Advertisement
YOU ARE HERE: LAT HomeCollectionsCity_hall

Nolan Balks at Use of Landmark for La Canada Offices : Officials See Historic Lanterman House Doubling as Museum and City Hall

October 08, 1987|ESTHER SCHRADER | Times Staff Writer

An assemblyman who helped secure state funds to refurbish the historic Lanterman house in La Canada Flintridge says he is dismayed that the city is considering moving its offices into the landmark rather than preserving it solely as a museum.

Assemblyman Pat Nolan (R-Glendale) inserted a $500,000 allocation to restore the 73-year-old California Craftsman-style house into a bill signed by Gov. George Deukmejian last week.

Nolan, who is traveling in Europe, said through a spokeswoman that city officials never discussed plans to place offices in the Lanterman home when they approached his staff about the refurbishing.

No Mention of Offices

"We supported the allocation of the money on the basis that it would be used solely as a historical monument," Nolan spokeswoman Anne Richards said. "The whole point of the funding is that the house would be a museum and not that it would be city offices. That was never brought up before."

La Canada Flintridge City Manager Don Otterman lobbied both the assemblyman's local office and his staff in Sacramento to gain inclusion of funds to rehabilitate the house in a revenue-sharing bill. In spite of Nolan's opposition, Otterman said, city officials remain enthusiastic about the use of the Lanterman home as a City Hall.

The $500,000 state grant to rehabilitate the house is not related to plans to locate city offices in the structure, he said.

Two Sources of Money

"There's always the alternative of using their money to restore the museum part of it," he said, "and using our money to put in the city offices."

Otterman said that using the house for city offices is one of many options being considering to relieve crowding in its administrative quarters. The city rents two adjacent offices in a Foothill Boulevard office building for about $65,000 a year.

A legislative aide who worked on the bill said that placing city offices in the Lanterman home would be an inappropriate, but not illegal, use of the state funds. The grant, designated to go to the city via the state Department of Parks and Recreation, is part of a bill that splits about $24 million in revenue from oil drilling on state tidelands. Richards said 80% of the funds are earmarked for park projects statewide.

La Canada Flintridge employs 10 full-time staff people who work in the Foothill Boulevard offices. The City Council holds its meetings at a building in Descanso Gardens.

"Sometime down the road the city does need new offices," Otterman said. "We're really bursting at the seams. We've got to do something."

Fund Use Restricted

Otterman said the city plans to use the state grant to refurbish only the part of to be used as a museum, using city-generated funds to remodel the upstairs ballroom as offices.

In August, an architect hired by the city to study the feasibility of renovating the home as a City Hall and museum endorsed the proposal after a six-month study. The architect, Jim Spencer of the Pasadena firm Spencer & Arroyan, estimated that bringing the building up to code would cost the city about $1 million.

To raise the other $500,000 needed for improvements not met by the state grant, the city would form a private, nonprofit corporation to issue bonds, at an estimated cost to the city of $140,000 a year. Otterman said the money saved on rent could be used to finance part of the restoration.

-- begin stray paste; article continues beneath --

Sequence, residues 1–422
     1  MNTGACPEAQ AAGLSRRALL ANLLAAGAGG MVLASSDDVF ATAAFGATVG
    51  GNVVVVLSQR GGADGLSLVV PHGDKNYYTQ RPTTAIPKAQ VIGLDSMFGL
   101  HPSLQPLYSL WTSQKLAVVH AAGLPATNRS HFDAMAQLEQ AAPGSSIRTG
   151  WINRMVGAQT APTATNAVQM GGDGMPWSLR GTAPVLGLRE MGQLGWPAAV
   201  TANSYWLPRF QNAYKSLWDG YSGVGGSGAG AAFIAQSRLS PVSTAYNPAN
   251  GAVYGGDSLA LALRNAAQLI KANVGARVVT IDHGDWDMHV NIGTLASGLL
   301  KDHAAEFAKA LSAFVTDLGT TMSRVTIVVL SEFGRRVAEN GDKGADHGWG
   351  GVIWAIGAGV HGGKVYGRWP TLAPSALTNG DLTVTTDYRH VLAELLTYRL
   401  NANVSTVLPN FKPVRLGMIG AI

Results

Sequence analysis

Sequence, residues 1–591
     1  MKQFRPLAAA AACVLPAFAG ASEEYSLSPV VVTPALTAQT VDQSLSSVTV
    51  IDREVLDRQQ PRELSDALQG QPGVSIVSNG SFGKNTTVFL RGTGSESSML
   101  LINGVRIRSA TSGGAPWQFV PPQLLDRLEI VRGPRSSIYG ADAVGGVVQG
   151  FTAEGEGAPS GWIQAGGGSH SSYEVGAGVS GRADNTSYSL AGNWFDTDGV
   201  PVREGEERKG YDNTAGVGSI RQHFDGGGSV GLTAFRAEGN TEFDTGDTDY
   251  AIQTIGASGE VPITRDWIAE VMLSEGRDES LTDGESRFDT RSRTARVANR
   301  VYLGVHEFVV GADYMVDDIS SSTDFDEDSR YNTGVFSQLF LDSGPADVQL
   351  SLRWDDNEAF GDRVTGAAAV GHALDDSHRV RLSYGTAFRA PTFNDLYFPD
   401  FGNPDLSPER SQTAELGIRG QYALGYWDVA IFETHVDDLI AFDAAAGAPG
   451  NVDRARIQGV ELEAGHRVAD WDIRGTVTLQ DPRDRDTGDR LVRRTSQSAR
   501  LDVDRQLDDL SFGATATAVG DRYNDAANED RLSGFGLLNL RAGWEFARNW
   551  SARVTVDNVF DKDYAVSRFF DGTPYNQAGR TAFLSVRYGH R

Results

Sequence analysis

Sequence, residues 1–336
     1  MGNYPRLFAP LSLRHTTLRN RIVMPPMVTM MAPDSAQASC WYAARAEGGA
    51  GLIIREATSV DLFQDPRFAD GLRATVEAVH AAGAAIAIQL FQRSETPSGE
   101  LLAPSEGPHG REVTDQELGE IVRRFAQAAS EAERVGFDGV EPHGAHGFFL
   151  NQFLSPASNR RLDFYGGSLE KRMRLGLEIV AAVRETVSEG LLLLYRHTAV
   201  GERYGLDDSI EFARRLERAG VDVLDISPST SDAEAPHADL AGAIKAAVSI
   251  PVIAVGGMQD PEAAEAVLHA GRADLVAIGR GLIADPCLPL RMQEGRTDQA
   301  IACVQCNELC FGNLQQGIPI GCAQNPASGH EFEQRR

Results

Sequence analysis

Adequate rental space is limited in buildings along Foothill and the city lacks the funds to construct a City Hall, Otterman said. Those factors may make the Lanterman house the most viable alternative for La Canada's expanding city government, he said.

City officials have been evaluating the cost of building a new City Hall and the cost of rehabilitating the Lanterman home for use as a museum only, while keeping the rented city offices. They are also considering moving some, but not all, city offices into the home.

The city's plans to renovate the house as City Hall surfaced early this year when former owner Lloyd Lanterman willed his family's historic home to the city, stipulating that it be used for civic or community purposes. The house is the one-time residence of late Republican Assemblyman and La Canada patriarch, Frank Lanterman, Lloyd's brother.

City officials have filed an application for a conditional-use permit to allow use of the house for city offices. The city has also hired a consulting firm to prepare an environmental impact report. The report will be discussed at a public meeting Oct. 15.

The city's plans met immediate opposition from neighbors, who said that a City Hall would introduce traffic, noise and disruption into a residential neighborhood.

Quiet Neighborhood

The Lanterman home, on 1.3 acres in the 4400 block of Encinas Drive, is in a quiet neighborhood of narrow, tree-lined streets about a block from Foothill Boulevard.

Otterman said city officials will await results of the environmental impact report to determine if putting City Hall in the residential-zoned neighborhood will adversely affect the community.

"I hope that we can come up with a compromise that's going to restore a historic old building and that will allow the city to use it for city offices with the blessings of the neighbors," Otterman said.

"The setting is great. It's a beautiful, historic structure. It could be rehabilitated to be really attractive."

Walking through the dusty landmark last week, Otterman stopped for a moment in a downstairs bedroom and looked around. "It would be nice," he said, "to have an office with a fireplace and a whole history to go with it."

Advertisement
Los Angeles Times Articles
|
|
|